Traditional methods of addressing workplace violence have relied almost solely on reactive measures. Methods of de-escalation, strategies to calm the already distressed person down by means of positive communication, or responding to an actual or potential act of violence by means of physical control have formed the focus of training initiatives provided for staff. This approach has suggested an acceptance of the premise that violence in certain services is an inevitable problem that must be managed. This paper proposes that many incidents can be prevented and outlines the emerging evidence to support a structured, holistic approach. Additionally, it provides an overview of the recent policy agenda, the evidence base and examples of some recent and ongoing development work that attempts to change practice.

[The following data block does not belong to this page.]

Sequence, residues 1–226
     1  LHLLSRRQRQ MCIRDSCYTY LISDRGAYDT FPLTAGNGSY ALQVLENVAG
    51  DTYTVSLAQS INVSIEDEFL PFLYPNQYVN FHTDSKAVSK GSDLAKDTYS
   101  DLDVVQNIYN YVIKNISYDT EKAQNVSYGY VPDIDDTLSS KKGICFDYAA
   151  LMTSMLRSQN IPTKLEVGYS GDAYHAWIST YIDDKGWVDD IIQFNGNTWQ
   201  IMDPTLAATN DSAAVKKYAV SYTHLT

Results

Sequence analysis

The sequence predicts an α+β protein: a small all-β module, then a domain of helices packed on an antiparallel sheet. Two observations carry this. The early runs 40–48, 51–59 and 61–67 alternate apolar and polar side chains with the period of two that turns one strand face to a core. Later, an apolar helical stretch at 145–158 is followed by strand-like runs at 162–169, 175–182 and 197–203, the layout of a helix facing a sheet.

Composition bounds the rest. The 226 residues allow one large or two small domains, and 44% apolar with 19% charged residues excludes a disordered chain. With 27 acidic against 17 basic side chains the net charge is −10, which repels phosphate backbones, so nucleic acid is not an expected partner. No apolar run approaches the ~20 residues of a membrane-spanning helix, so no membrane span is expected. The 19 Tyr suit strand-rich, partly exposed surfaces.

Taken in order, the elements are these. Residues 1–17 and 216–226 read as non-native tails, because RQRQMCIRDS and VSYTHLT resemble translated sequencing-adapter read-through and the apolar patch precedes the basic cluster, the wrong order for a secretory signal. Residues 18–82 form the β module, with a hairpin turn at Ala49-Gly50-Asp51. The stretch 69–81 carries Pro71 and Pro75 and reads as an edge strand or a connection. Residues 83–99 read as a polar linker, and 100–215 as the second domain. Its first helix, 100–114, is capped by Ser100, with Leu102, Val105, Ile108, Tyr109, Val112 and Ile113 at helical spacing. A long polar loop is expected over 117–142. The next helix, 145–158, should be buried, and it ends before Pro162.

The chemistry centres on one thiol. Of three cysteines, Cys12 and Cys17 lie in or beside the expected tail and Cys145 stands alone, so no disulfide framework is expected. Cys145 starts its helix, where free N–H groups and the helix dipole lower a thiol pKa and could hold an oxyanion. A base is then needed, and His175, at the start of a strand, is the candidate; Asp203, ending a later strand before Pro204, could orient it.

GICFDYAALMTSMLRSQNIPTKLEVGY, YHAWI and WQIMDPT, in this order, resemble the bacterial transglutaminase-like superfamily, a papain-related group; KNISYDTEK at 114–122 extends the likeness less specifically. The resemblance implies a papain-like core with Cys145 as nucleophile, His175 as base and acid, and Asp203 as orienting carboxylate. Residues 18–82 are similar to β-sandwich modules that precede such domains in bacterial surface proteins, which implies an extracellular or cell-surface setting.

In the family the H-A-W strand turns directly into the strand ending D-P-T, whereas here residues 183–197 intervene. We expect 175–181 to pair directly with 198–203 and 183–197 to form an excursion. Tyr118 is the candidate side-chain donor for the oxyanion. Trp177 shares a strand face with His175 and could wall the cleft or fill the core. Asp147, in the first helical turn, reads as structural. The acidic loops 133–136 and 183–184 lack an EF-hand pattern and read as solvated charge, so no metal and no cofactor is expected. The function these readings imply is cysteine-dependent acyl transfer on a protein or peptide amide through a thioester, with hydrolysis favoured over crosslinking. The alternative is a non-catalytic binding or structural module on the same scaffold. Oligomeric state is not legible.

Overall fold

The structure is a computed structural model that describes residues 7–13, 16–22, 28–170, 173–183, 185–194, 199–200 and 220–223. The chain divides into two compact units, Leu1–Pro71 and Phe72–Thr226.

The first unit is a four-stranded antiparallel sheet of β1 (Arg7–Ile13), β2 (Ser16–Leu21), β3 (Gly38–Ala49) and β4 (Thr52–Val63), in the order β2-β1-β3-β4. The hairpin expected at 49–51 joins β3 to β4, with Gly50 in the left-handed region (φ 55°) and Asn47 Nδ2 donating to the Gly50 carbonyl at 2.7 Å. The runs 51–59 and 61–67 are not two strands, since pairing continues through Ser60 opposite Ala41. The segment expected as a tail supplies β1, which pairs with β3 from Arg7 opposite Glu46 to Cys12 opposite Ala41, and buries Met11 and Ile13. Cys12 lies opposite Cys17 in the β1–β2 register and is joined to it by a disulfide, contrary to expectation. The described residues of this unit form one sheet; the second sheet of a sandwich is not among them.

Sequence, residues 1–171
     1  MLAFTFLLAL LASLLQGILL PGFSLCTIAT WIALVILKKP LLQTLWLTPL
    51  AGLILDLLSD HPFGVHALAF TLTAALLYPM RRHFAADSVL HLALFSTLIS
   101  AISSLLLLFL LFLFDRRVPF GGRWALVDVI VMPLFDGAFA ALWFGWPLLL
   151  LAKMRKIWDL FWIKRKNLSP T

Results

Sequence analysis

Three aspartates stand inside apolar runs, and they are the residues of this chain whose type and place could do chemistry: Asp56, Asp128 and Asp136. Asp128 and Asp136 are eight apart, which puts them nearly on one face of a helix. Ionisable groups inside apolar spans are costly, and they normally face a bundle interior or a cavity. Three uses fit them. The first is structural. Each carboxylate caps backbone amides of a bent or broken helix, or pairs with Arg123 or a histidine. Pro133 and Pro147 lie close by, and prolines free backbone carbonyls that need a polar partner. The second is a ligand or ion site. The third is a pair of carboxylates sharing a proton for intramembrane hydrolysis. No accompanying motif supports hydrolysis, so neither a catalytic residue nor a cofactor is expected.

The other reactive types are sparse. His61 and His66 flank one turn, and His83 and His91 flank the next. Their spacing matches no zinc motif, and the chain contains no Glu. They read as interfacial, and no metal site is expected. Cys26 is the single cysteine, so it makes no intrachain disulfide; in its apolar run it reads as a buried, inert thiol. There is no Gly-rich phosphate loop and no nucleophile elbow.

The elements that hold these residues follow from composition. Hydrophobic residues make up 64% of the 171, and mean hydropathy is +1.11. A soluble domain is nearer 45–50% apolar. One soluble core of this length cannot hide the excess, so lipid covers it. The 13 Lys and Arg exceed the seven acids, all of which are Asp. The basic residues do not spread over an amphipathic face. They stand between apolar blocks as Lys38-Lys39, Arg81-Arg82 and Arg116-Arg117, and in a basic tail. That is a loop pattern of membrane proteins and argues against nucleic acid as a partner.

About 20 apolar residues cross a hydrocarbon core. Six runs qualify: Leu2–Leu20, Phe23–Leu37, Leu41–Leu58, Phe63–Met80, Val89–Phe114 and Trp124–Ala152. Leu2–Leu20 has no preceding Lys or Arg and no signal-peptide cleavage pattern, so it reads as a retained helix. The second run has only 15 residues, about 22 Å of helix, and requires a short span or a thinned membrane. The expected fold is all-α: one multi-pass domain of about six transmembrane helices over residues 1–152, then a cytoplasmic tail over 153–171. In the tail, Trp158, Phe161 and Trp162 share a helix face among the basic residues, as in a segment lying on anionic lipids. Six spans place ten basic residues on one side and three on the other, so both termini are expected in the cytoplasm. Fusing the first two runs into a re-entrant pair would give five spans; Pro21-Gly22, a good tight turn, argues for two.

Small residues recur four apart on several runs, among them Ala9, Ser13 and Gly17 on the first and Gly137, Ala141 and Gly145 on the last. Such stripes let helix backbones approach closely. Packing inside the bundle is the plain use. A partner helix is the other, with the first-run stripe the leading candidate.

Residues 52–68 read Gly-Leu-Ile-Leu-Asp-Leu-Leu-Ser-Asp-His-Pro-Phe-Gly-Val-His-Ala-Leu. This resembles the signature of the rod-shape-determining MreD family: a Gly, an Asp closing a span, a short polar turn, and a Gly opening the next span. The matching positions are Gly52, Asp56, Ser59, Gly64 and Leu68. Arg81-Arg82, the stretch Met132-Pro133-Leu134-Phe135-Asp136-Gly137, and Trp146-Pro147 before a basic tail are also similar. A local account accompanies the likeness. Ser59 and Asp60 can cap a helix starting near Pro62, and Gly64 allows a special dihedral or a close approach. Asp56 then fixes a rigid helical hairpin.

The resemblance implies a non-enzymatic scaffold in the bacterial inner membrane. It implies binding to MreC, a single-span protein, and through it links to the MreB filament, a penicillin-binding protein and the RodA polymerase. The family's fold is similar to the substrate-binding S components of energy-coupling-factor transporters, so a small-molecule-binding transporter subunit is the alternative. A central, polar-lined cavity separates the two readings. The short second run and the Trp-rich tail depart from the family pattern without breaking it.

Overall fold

|Pages (from-to)||28 - 41|
|Number of pages||13|
|Journal||The Journal of Mental Health Training, Education and Practice|
|Publication status||Published - 1 Jun 2007|
- violence reduction